The U.S. economy will expand at a robust pace in coming quarters but slow to 2% by the end of 2019. Contrary to Trump’s assertions: Trade wars are not ’easy to win’, can be much more complicated than anticipated, and always have unexpected consequences. Tariffs are bad policy. Trump kicked off the week by imposing 10% tariff on $200 billion worth of Chinese imports. China retaliated with $60 billion saying in affect that they are not going to be pushed around. A trade war could hasten the next US economic downturn.
We looked at indicators: job gains, unemployment rate, GDP growth, wages, business investment, prime-age worker employment. They tell a typical story: Trump’s economy is a continuation of the trend set by the last years of the Obama economy. History books will award Bush and Obama for a historic turnaround. Trump can be credited with only staying out of the way. He has exceeded expectations only for job creation and for GDP growth. The real test will be whether these positive trends can be sustained.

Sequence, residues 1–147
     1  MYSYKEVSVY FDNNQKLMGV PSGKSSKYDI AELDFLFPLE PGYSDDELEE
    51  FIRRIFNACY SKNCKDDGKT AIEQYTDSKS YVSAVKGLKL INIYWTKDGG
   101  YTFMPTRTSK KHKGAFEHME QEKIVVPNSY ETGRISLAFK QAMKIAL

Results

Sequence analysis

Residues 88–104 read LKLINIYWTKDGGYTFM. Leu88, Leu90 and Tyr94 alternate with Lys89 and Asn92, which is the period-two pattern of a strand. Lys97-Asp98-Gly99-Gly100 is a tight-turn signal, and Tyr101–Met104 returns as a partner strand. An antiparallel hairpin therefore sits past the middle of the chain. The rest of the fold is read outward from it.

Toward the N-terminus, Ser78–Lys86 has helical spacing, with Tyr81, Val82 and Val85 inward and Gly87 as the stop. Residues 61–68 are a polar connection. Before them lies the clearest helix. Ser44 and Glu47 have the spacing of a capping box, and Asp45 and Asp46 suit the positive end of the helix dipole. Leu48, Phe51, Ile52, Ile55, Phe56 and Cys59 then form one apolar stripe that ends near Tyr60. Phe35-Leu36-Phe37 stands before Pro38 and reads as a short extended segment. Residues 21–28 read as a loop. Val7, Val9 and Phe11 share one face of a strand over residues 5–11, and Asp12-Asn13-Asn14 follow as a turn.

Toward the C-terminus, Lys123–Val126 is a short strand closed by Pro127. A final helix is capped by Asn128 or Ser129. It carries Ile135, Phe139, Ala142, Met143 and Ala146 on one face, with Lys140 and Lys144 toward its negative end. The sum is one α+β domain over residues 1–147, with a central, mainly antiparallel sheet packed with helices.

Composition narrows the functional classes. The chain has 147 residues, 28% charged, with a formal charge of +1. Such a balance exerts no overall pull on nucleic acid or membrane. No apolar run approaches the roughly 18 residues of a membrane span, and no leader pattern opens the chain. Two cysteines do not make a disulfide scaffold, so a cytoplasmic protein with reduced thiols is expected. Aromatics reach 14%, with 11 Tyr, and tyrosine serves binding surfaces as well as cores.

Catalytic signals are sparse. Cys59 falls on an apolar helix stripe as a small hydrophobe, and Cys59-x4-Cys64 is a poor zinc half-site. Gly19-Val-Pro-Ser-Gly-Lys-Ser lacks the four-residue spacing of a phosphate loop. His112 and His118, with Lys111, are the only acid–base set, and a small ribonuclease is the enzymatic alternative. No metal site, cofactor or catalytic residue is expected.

Since consumers pay the higher prices duties bring, for example after Trump put tariffs on washing machines, the price for laundry equipment shot up 16% over a three-month period. Overall, Trump’s tariffs threaten to disrupt businesses and depress their revenues.
Tariffs risk triggering a more alarming response by investors. The evidence is that China is going to be more assertive in this Trump initiated confrontation, implying a more protracted solution. When you add issues such as theft of intellectual property by China and the widening trade gap, negotiations are likely to be protracted. We cannot rule out a ripple throughout the rest of the globe.
Tariffs could translate into less trade, which could hinder growth in smaller nations. The U.S. dollar has already begun to rise in value as trade tensions have mounted. This has insulated the United States from higher prices.
Republicans’ control of the House and the Senate is at stake in the midterm congressional races in November. Trump has portrayed the import taxes as a winning electoral issue because they are forcing other countries to compromise with the United States.
But public opinion suggests that his tariffs could prove a vulnerability. A poll released Aug. 24 by The Associated Press-NORC Center for Public Affairs Research found that 61 percent of Americans disapproved of the president’s handling of trade negotiations. All of these trade fights, with Mexico, Canada, and China may be riling businesses and consumers, the ones who pay for the increased prices. In the long run, does the US behavior impair our image and world vitality? Countries are worried by our unilateralism. Threat to the dollar?